Instructions for
Oral Presentations  409a, 409b, 459
Fall 2004   Generation 21
Dr. Leon James, Instructor
Seminar on Driving Psychology

The link to the Schedule of your Oral Presentations is on the class home page:

You will be required to give three oral presentations, as scheduled on the assigned topics. Your grade will be made up of 40 points for these three presentations, which is 40 percent of your grade.

You will receive by email feedback from the instructor after each presentation. This will include your grade, what you did well, and a critique of what you still need to improve on regarding rapport with the audience, voice quality, and communication aids you might use to get your points across. You will also receive explicit  training in class regarding oral communication concerns and how to give a good oral presentation. Training Methods, Learning Outcomes and Assessment Criteria are given below.

1) Read through the assigned material for your presentation, take notes, and think about it for a few days. Then discuss the content informally with someone. Explain what the main concepts are. See if you can define them without your notes. Note the reaction, and the comprehension or misunderstanding.

2) Create a new file in your word processor and name it myoral1.htm and save it as a Web Page (not a .doc file!).  Be sure you name it exactly this (no spaces, no upper case letters). Type your Outline in this file. This Outline will also serve for your Handout. Be sure to bring 20 copies with you. Your Handout should give the Web address of your file. You should also include helpful Web links that deal with the topic you're presenting.

Note: Your oral1.htm  file  must be uploaded to your folder on the Web as soon as you uploaded your Home Page and Report 1 (before October 4). Your second oral should have a file called myoral2.htm and myoral3.htm for your third oral presentation.

3) The Outline should have the following title lines:

Outline of My First (Second, Third) Oral Presentation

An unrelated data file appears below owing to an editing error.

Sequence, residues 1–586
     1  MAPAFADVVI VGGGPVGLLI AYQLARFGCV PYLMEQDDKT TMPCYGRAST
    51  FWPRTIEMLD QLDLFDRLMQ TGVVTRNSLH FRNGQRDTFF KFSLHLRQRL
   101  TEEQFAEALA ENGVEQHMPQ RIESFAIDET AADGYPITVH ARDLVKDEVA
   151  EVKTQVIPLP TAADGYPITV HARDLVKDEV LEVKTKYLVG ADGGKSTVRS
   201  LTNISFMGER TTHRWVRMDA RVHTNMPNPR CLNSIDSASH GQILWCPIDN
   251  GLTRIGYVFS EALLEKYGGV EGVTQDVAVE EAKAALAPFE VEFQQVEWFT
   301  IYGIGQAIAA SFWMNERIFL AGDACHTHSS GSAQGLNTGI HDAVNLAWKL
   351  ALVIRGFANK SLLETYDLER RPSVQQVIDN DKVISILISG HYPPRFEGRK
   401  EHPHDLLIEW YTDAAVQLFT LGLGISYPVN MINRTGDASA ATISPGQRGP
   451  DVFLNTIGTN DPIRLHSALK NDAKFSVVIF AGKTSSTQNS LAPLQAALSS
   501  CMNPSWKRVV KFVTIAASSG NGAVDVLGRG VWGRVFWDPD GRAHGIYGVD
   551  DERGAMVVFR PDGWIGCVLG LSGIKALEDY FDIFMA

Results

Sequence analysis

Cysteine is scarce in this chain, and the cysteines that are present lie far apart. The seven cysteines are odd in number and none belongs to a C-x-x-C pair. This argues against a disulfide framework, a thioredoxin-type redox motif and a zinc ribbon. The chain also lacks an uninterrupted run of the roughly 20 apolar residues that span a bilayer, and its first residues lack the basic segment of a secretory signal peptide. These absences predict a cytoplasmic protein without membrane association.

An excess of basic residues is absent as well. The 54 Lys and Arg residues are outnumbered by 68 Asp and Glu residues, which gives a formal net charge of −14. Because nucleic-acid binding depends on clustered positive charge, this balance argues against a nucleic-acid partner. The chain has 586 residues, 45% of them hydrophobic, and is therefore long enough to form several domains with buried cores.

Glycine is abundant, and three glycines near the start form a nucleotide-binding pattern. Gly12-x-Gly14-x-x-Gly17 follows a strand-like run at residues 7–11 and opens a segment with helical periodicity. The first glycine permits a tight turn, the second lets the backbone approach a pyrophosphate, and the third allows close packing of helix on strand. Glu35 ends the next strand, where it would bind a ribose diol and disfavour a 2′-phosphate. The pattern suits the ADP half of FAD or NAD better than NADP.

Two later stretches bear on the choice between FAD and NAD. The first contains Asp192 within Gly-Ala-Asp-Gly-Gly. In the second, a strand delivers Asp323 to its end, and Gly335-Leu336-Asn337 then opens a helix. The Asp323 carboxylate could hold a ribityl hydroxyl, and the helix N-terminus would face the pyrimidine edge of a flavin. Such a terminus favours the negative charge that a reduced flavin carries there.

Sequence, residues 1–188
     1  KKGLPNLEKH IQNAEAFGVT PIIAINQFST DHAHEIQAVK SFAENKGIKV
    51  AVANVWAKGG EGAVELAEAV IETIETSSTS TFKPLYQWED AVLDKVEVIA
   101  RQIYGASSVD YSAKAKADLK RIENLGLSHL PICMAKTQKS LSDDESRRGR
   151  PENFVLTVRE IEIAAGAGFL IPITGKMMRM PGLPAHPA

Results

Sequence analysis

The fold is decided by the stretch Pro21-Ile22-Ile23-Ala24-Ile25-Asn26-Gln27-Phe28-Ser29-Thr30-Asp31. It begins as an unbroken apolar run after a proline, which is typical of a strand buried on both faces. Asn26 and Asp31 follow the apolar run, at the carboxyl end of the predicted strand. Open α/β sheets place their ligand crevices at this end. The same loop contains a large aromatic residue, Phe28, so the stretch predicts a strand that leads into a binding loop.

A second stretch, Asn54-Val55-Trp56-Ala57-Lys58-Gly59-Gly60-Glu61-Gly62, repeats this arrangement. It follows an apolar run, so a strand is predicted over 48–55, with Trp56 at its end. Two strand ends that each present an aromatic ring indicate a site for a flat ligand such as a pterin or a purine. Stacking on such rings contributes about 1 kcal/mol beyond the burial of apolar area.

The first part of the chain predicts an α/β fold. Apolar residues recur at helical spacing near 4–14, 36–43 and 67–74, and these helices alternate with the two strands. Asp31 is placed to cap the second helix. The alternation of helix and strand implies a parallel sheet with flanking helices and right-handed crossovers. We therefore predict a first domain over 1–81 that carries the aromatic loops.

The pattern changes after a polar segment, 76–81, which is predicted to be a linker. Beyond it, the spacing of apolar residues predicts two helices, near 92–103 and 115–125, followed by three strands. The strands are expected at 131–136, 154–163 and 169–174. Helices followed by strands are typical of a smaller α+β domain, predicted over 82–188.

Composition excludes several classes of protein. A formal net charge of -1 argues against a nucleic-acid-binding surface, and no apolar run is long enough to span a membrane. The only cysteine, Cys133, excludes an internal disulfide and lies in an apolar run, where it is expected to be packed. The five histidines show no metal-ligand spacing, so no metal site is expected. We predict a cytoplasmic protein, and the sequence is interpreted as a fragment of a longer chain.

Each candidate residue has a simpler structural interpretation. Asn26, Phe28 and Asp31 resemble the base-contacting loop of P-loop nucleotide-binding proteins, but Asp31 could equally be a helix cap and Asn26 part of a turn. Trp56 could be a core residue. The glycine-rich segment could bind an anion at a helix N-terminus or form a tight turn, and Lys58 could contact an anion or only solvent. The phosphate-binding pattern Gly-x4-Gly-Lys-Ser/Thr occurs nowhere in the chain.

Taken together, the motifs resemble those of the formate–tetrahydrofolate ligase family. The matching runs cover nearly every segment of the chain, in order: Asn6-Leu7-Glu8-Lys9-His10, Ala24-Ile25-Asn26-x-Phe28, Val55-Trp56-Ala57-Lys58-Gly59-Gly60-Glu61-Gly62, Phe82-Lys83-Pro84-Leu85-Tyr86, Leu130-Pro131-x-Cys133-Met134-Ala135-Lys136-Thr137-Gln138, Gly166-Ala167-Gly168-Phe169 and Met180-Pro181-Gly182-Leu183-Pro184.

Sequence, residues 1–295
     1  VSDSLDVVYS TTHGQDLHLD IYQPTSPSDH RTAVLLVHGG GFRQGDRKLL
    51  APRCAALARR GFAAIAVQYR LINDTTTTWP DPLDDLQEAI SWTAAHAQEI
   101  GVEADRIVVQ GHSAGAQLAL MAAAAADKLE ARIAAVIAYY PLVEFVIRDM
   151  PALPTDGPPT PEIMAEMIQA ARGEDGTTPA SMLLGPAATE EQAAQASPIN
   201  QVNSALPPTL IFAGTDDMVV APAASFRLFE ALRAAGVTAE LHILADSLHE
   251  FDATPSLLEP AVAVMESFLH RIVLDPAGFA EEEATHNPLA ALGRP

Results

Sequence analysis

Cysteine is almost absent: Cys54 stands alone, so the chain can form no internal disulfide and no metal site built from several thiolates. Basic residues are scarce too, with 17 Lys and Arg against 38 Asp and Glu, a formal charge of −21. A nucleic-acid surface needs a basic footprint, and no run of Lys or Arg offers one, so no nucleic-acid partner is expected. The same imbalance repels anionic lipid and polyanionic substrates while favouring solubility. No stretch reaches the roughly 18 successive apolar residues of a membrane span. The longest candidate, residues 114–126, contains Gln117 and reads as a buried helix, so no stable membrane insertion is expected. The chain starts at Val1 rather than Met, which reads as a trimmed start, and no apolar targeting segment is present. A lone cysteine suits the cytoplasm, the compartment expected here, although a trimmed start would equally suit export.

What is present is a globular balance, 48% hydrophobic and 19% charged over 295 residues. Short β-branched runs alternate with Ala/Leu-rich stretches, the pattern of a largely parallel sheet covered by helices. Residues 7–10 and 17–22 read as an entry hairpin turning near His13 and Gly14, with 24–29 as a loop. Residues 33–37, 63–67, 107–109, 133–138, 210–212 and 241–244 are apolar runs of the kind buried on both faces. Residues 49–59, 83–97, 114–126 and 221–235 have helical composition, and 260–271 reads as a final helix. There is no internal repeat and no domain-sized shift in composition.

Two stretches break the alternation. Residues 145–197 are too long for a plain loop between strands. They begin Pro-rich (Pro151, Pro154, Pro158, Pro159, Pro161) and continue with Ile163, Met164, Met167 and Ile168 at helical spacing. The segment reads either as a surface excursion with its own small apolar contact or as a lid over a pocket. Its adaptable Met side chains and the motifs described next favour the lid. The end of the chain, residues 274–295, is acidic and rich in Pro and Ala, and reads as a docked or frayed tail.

type a title of your choosing here
This is a presentation of (give the title of the original book, the author, the pages)
By your first and last name or your pseudonym

Instructions for this oral presentation are found at: 

4) Add this required link at the bottom of the Outline.

Your Home Page:

Note: The uploaded Web file of the Outline may contain brief selections from the book (this is optional). As well, you are expected to add links to Web sites of related interest, and any other information (this is required).

Class Handout:

Bring a copy of your Outline to class as a handout for 21 people.

5) For your presentation select 3 concepts or principles from the assigned material -- ideas that you find worthwhile to consider. That's about 3 minutes per concept.

6) First, distribute the handout. Wait till everyone has one.  While the handout is being distributed be sure to switch seats to the front of the room so all students can see your face.

6) Second, introduce yourself by saying, "Hi, my name is First name, Last name, and my presentation today covers pages xx in the book called xx." Be sure to look around the room to everyone while you do this. Be sure to speak with a loud voice that carries to the next room.

7) Third, state what the three concepts on the handout are and define each concept in one brief sentence. Be sure to look at everyone while you do this. Be sure to define all three concepts before you start again with concept 1.

8) Then, start with concept 1:

(i) Explain again what is the concept, idea, or principle. Enlarge upon the definition using your own words--do not quote the original. Do not read your notes. Look up and around and speak spontaneously, as prepared. If you practice and prepare sufficiently, you won't have to read your notes at all.

(ii) Now give your own opinion about this concept. Why did you pick it? Do you agree with it? Look around the room as you say this. When you practice before your presentation, be sure to look around the room as you practice.

(iii) Now give an illustration or specific example of how this idea occurs in your everyday life experience or in society. This is the larger psychological and cultural significance of the concept or principle you are presenting. Do not forget to do this. You need to think about it ahead of time, of course. Use more than one illustration if you can. Be sure to look around the room to everyone while you do this. Keep your voice strong and loud.

(iv) Search on the Web to see what you find about this topic or a related one. Briefly mention what it is. Be sure to put the Web links in your handout. Briefly mention what they are.

9) Now move on to concept 2, then concept 3. Repeat the four sub-steps with each. Monitor your time carefully. You only have 3 minutes per concept. Move quickly from one to the other.